**An Anecdote of Carnap’s**

*In 1953-54 , my first year of teaching at Princeton University, Carnap*

**[1]**was on leave at the Institute of Advanced Studies (also in Princeton, but not connected to the University), and I went to talk to him frequently, and found him not only impressive intellectually (as goes without saying), but also friendly and charming and free of any trace of “Herr Doktor Professor-ism”. One day he told me the following anecdote. When I recounted it to a friend a few days ago, I realized that Carnap may never have written it down, and that by publishing it here I could make sure it is on the record.
In 1918, after a few years as a student at the
University of Berlin, Carnap enrolled as a graduate student at the University
of Jena to obtain a Ph.D. in physics. As Carnap explained it to me, his plan
was to formalize Einstein’s theory of relativity using notations from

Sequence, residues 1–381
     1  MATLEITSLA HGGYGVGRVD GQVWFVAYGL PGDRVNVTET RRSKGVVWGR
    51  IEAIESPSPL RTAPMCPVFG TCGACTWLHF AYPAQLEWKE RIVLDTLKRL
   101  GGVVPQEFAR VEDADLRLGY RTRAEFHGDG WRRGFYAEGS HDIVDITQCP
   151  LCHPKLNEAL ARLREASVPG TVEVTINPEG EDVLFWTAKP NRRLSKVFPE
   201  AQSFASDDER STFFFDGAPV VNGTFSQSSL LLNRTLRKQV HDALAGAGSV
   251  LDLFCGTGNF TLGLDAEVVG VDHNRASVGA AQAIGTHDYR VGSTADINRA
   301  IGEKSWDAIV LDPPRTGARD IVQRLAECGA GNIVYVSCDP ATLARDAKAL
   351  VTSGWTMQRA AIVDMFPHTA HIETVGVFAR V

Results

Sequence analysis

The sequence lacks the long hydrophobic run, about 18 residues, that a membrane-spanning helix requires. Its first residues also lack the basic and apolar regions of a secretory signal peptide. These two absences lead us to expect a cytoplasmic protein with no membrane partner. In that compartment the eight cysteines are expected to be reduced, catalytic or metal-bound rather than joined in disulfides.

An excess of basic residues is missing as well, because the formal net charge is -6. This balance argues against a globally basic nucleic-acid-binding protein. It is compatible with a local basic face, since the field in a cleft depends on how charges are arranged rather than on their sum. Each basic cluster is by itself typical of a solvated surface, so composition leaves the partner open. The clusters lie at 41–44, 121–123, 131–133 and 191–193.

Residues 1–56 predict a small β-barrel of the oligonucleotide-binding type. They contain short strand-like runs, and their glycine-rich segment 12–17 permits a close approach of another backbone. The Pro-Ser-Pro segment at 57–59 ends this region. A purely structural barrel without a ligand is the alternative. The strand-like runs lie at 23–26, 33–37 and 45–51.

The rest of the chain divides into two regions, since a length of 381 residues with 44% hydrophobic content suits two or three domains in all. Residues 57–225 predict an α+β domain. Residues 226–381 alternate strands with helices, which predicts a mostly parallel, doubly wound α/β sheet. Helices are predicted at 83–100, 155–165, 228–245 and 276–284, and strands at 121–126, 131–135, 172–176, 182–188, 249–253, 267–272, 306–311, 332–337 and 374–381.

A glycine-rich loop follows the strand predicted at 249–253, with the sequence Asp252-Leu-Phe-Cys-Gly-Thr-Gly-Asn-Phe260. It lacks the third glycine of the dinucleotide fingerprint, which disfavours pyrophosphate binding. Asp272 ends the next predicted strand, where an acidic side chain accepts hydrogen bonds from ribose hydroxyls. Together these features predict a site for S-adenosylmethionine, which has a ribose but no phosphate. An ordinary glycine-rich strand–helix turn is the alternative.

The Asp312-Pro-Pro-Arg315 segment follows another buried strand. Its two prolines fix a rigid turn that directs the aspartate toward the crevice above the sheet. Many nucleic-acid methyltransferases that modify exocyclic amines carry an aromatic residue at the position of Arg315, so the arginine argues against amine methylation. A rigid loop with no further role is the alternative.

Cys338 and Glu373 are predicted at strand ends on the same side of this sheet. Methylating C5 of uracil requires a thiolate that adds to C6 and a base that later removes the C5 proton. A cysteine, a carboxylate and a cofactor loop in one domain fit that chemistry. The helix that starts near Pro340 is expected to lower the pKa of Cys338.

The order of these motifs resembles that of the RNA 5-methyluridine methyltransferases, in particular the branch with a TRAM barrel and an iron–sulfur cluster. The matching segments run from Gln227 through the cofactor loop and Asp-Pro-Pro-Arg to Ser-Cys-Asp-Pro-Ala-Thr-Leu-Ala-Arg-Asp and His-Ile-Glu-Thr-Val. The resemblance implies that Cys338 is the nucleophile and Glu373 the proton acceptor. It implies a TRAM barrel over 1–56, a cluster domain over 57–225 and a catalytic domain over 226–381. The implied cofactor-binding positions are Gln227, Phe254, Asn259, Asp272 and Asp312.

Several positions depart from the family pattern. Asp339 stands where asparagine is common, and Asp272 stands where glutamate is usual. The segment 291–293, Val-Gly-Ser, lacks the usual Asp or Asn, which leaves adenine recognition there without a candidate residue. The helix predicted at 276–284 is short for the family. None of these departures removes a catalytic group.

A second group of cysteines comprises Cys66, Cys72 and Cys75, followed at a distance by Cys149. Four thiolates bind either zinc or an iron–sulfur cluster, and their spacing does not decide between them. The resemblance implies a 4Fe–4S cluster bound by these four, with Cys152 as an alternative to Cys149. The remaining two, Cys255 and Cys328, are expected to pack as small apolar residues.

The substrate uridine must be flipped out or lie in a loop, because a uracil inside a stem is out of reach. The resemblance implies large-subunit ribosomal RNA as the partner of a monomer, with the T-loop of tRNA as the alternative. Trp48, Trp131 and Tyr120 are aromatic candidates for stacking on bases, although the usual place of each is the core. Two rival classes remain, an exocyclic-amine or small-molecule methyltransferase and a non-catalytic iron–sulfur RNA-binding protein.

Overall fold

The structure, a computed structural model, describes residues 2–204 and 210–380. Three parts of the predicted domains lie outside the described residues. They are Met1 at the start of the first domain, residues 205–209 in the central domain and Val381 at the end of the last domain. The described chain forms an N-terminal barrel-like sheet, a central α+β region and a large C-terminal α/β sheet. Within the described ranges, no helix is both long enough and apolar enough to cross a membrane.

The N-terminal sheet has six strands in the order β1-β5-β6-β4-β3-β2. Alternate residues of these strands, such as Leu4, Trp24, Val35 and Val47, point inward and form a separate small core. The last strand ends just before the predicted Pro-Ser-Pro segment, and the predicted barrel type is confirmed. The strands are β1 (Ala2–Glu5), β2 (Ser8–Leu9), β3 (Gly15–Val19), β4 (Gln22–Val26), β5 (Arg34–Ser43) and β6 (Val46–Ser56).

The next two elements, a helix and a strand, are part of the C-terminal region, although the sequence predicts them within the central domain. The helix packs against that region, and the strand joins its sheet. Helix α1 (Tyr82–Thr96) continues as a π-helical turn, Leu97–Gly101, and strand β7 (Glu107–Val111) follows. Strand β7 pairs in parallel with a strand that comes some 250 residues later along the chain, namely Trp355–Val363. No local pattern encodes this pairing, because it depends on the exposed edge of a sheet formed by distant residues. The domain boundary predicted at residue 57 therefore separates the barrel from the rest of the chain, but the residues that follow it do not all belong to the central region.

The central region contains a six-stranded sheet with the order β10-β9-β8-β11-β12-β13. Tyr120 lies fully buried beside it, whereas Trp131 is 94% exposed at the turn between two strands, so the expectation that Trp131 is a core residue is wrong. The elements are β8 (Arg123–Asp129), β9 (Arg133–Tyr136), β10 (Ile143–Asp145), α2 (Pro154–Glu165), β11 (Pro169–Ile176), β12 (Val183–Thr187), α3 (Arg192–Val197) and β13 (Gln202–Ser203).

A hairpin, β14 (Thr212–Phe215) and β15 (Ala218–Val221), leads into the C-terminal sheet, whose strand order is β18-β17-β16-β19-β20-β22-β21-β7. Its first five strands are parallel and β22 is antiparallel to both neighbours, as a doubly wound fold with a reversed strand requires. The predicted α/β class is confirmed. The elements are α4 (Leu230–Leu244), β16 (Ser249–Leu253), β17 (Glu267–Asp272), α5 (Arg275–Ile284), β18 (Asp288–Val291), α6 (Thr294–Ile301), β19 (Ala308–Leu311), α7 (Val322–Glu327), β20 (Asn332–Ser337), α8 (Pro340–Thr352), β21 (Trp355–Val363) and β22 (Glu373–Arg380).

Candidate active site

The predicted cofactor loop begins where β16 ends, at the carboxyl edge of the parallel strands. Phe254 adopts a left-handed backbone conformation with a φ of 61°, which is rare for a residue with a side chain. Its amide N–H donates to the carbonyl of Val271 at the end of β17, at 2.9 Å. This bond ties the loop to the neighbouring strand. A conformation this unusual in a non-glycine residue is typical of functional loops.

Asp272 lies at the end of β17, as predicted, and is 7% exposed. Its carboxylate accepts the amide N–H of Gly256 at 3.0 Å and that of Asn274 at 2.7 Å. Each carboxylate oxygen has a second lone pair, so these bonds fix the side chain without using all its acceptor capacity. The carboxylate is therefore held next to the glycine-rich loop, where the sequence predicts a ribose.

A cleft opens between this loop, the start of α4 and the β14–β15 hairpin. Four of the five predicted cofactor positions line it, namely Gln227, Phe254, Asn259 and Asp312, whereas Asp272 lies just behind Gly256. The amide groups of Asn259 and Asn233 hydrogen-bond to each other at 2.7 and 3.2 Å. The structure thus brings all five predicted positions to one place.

*Principia Mathematica*(although the notation that figures in this anecdote is older, from the “algebra of relations” of Peirce and Schröder). Using the notion of the square of a relation – that is the product of a relation[2] with itself – Carnap found that he could write the statement that the relation T, “earlier in time than”, is transitive and dense simply as T=T^{2}. When Carnap went to his professor’s office to discuss his plan (here Carnap imitated the professor’s pompous voice) the professor said,
“It seems to me that if T=T

^{2}, then either T=1 or T=0”. Carnap explained that T was not a symbol for a number but rather for the temporal precedence relation, etc., etc., etc., and at the end the professor said, “It still seems to me that if T=T^{2}, then either T=1 or T=0. Young man, you had better try the philosophy department.”
[1]
Carnap’s wife Ina and all his friends called him simply “Carnap”. As far as I
know, absolutely no one used his first name.

[2]
The product of a relation R and a relation S is “R of an S of”, e.g., the
product of

*brother of*and*father of*is “brother of a father of”, i.e.,*paternal uncle of.*The square of a relation R is “R of an R of”, e.g., the square of*parent of*is*grandparent of.*
Hilary,

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